President Goodluck Jonathan has signed the HIV and AIDS Anti-Discrimination Act 2014, a reflection of Nigeria’s commitment to stopping all forms of stigmatisation and discrimination targeted at people living with HIV. A release signed by Chief Communications Officer, National Agency for the Control of AIDS, Mrs. Toyin Aderibigbe, notes that the legislation makes provisions for the prevention of HIV-related discrimination and provides for access to health care and other services.
“It also provides for protection of the human rights and dignity of people living with HIV and those affected by AIDS in Nigeria,” it adds.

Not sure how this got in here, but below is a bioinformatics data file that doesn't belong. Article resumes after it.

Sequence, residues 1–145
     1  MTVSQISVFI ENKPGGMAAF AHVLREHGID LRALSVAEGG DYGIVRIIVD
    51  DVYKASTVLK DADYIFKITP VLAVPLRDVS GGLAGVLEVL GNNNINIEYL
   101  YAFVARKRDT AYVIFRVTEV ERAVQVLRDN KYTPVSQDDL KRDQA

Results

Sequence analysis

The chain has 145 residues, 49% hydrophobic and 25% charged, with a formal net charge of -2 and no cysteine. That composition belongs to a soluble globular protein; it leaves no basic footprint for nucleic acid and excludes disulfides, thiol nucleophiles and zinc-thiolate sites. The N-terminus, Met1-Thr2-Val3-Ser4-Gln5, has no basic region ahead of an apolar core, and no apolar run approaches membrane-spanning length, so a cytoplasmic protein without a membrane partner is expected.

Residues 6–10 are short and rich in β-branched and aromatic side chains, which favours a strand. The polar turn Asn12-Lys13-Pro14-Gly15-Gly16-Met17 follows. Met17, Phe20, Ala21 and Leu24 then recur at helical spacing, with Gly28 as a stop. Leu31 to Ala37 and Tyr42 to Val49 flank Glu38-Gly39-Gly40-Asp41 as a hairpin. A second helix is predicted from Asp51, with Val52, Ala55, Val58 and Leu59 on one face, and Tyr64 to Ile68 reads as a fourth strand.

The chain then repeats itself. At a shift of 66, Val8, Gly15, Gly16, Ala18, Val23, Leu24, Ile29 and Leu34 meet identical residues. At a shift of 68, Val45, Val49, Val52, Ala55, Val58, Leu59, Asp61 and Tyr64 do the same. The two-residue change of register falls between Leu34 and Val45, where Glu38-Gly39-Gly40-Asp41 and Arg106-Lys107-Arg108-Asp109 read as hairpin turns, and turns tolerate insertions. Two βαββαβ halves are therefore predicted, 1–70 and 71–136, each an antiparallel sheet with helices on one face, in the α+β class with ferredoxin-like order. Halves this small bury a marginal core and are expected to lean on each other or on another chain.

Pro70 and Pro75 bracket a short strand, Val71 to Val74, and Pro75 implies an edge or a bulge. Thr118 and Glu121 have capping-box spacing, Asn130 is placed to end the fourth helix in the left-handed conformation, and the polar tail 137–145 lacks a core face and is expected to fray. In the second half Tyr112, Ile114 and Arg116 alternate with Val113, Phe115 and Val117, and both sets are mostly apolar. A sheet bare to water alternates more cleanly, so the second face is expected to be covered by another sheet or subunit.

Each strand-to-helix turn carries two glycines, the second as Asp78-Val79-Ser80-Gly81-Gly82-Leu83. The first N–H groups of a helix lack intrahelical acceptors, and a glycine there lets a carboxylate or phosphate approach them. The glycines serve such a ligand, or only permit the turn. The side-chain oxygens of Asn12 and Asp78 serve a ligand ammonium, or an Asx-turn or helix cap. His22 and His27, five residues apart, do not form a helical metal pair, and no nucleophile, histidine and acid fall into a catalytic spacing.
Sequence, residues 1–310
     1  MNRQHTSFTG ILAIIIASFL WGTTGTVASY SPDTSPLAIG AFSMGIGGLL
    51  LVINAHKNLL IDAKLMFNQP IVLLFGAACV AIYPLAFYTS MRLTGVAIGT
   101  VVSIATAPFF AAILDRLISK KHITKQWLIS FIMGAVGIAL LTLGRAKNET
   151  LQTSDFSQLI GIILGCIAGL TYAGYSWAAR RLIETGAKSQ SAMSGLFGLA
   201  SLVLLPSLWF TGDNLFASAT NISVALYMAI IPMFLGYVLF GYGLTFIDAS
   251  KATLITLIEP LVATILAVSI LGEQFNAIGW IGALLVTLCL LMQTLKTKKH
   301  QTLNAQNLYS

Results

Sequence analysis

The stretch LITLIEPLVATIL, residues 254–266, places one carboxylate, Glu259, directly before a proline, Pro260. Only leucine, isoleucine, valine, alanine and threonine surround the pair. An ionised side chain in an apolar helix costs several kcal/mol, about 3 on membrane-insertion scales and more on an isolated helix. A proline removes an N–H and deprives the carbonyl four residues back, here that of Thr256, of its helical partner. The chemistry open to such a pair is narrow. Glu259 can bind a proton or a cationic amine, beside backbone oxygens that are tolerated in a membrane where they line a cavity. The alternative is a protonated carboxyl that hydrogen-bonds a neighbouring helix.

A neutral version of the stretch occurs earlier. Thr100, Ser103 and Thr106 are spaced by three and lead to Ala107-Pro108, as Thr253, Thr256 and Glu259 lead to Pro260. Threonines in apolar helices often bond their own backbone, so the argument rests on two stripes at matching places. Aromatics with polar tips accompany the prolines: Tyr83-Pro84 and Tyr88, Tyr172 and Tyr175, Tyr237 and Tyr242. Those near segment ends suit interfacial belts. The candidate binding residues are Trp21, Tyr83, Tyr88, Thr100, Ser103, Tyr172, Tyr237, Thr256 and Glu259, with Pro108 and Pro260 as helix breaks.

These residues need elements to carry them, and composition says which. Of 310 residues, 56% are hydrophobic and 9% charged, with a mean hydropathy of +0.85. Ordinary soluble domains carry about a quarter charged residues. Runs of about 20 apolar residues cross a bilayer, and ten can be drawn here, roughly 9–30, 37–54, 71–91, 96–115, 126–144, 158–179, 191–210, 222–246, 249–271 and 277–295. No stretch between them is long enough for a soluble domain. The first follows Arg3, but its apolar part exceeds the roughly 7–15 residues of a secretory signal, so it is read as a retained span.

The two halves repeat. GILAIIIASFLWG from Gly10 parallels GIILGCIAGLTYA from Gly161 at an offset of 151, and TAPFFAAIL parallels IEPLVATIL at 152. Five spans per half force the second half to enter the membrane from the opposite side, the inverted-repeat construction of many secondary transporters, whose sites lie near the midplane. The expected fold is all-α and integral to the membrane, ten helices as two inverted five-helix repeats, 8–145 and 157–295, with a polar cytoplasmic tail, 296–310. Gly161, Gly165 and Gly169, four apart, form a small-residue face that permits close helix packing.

The new law is a source of renewed hope that all acts of discrimination such as recruitment and termination of employment, denial of access to services such as health care, education, association and other social services will be reduced and ultimately ended. The law is the latest addition to Nigeria’s commitment to ending the AIDS epidemic by 2030. During the past four years alone, about four million pregnant women were tested for HIV and now know their status, while 8.2 million adults in the general population were tested. By 2013, the number of HIV infections had declined by 35 per cent and Nigeria is currently pursuing efforts to stop new infections altogether. The number of sites providing services to prevent mother-to-child transmission of HIV increased from 675 in 2010 to 5,622 in 2013.